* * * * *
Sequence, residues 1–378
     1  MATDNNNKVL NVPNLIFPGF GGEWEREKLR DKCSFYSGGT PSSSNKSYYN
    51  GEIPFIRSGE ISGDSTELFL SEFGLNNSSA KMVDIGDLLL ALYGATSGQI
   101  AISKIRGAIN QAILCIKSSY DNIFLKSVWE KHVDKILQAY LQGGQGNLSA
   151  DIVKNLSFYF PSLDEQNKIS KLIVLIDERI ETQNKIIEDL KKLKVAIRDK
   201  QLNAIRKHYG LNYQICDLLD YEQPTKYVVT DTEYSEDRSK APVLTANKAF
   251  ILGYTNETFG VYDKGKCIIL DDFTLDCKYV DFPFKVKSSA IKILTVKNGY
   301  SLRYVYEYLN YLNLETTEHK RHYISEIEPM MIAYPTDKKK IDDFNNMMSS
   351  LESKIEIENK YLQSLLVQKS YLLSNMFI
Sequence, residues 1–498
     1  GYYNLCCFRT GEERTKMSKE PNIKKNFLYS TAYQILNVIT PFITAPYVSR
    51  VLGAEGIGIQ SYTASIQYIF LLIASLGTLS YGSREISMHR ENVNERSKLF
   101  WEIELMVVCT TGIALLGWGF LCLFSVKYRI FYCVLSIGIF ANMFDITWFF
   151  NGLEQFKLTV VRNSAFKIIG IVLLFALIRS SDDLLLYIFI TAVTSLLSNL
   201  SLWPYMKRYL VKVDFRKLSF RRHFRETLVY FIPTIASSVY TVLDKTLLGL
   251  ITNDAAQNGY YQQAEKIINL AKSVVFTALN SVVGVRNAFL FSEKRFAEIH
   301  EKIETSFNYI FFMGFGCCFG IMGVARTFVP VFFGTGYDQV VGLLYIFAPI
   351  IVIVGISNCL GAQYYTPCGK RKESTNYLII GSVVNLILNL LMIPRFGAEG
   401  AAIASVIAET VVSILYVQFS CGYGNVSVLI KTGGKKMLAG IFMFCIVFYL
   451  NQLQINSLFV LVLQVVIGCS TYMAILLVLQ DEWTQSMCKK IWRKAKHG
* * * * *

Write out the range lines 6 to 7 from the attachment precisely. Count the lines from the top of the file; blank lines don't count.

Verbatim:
   201  QLNAIRKHYG LNYQICDLLD YEQPTKYVVT DTEYSEDRSK APVLTANKAF
   251  ILGYTNETFG VYDKGKCIIL DDFTLDCKYV DFPFKVKSSA IKILTVKNGY